Outcome of patients with autoimmune diseases in the intensive care unit : A mixed cluster analysis
Vega, Daniel Augusto
Díaz, Luis Aurelio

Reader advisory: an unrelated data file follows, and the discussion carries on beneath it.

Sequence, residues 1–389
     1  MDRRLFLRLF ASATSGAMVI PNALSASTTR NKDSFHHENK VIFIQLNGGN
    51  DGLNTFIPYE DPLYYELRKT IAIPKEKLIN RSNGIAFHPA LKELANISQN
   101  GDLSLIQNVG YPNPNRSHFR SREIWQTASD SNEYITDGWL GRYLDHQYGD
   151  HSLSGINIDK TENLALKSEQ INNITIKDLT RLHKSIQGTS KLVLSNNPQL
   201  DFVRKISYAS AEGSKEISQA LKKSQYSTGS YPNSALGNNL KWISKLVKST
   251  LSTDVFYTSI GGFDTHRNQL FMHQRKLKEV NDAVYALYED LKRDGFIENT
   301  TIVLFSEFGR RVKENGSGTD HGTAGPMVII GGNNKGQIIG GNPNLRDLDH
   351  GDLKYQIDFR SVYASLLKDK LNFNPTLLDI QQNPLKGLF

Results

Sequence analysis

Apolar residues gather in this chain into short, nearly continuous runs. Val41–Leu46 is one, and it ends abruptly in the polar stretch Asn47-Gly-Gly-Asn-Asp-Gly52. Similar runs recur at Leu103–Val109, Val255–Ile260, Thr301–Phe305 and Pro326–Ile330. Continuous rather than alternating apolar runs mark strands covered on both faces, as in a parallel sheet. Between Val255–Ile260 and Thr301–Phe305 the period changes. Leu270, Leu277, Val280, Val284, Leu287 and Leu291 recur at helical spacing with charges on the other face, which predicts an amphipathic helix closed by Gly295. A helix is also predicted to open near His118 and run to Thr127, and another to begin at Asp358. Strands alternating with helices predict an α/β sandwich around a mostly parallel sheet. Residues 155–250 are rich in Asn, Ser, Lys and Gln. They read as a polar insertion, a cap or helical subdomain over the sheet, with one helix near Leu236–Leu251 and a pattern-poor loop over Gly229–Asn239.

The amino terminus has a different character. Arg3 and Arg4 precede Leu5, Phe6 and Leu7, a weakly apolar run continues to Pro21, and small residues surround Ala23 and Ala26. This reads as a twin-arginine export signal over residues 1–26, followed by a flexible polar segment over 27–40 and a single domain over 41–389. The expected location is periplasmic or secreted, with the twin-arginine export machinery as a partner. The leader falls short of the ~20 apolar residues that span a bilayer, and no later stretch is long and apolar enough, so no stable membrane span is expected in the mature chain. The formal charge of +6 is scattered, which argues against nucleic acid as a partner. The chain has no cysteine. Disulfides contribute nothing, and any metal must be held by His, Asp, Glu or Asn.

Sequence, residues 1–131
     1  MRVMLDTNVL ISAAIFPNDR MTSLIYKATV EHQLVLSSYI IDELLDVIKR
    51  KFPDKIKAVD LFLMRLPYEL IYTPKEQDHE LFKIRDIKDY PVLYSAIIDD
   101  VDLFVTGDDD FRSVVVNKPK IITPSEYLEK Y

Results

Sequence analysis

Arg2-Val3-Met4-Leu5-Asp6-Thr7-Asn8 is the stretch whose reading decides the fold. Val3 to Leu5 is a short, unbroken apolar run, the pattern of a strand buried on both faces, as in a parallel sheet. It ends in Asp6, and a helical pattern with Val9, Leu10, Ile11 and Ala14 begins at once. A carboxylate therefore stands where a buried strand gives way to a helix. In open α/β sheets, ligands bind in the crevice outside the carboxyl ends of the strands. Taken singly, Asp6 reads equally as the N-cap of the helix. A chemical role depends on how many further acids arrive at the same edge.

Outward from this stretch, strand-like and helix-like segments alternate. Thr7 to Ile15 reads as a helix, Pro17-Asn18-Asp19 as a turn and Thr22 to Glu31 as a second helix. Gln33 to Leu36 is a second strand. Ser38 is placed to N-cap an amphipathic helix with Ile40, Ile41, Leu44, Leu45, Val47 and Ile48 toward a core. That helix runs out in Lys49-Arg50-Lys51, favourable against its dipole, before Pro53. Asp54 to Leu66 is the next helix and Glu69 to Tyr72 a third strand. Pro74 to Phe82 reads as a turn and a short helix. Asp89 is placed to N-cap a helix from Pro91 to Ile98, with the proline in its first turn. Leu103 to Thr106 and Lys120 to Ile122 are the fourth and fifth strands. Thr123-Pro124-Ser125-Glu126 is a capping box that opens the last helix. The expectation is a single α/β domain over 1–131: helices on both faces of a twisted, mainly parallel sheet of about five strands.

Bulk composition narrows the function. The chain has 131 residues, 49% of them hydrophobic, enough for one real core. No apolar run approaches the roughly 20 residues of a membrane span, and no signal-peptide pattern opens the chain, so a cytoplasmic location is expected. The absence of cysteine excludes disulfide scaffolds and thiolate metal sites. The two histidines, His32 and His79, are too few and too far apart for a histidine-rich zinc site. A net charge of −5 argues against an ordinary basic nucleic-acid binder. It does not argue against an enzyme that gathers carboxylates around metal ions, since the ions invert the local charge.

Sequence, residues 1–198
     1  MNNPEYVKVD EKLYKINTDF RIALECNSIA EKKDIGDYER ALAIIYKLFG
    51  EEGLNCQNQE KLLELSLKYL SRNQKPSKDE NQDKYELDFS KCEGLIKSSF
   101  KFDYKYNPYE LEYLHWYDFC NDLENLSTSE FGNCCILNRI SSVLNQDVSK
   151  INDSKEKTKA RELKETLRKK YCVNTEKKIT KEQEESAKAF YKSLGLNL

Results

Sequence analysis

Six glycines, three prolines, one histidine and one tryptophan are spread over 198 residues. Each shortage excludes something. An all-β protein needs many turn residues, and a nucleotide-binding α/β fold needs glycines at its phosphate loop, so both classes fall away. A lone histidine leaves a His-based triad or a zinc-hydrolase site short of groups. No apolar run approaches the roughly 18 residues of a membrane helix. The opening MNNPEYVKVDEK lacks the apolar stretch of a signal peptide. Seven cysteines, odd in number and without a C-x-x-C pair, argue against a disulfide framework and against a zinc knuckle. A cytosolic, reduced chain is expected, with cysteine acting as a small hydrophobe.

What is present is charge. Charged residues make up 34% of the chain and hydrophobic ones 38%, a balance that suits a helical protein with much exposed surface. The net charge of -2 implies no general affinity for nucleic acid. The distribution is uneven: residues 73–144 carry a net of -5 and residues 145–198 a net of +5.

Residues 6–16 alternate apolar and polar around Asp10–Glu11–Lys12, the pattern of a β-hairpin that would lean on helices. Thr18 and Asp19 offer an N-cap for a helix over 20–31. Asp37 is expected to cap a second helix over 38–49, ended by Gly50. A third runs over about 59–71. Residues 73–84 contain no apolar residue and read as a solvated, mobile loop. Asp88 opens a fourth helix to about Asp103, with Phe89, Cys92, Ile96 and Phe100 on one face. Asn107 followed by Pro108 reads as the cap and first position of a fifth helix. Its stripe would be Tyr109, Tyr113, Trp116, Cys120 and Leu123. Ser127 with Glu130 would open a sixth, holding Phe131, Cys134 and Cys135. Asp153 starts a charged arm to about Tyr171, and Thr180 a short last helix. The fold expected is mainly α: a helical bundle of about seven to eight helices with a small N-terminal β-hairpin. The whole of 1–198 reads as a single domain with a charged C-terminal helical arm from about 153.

Objectives: The interest on autoimmune diseases (ADs) and their outcome at the intensive care unit (ICU) has increased due to the clinical challenge for diagnosis and management as well as for prognosis. The current work presents a-year experience on these topics in a tertiary hospital. Methods: The mixed-cluster methodology based on multivariate descriptive methods such as principal component analysis and multiple correspondence analyses was performed to summarize sets of related variables with strong associations and common clinical context. Results: Fifty adult patients with ADs with a mean age of 46.7±17.55 years were assessed. The two most common diagnoses were systemic lupus erythematosus and systemic sclerosis, registered in 45% and 20% of patients, respectively. The main causes of admission to ICU were infection and AD flare up, observed in 36% and 24%, respectively. Mortality during ICU stay was 24%. The length of hospital stay before ICU admission, shock, vasopressors, mechanical ventilation, abdominal sepsis, Glasgow score and plasmapheresis were all factors associated with mortality. Two new clinical clusters variables (NCVs) were defined: Time ICU and ICU Support Profile, which were associated with survivor and no survivor variables. Conclusions: Identification of single factors and groups of factors from NCVs will allow implementation of early and aggressive therapies in patients with ADs at the ICU in order to avoid fatal outcomes.
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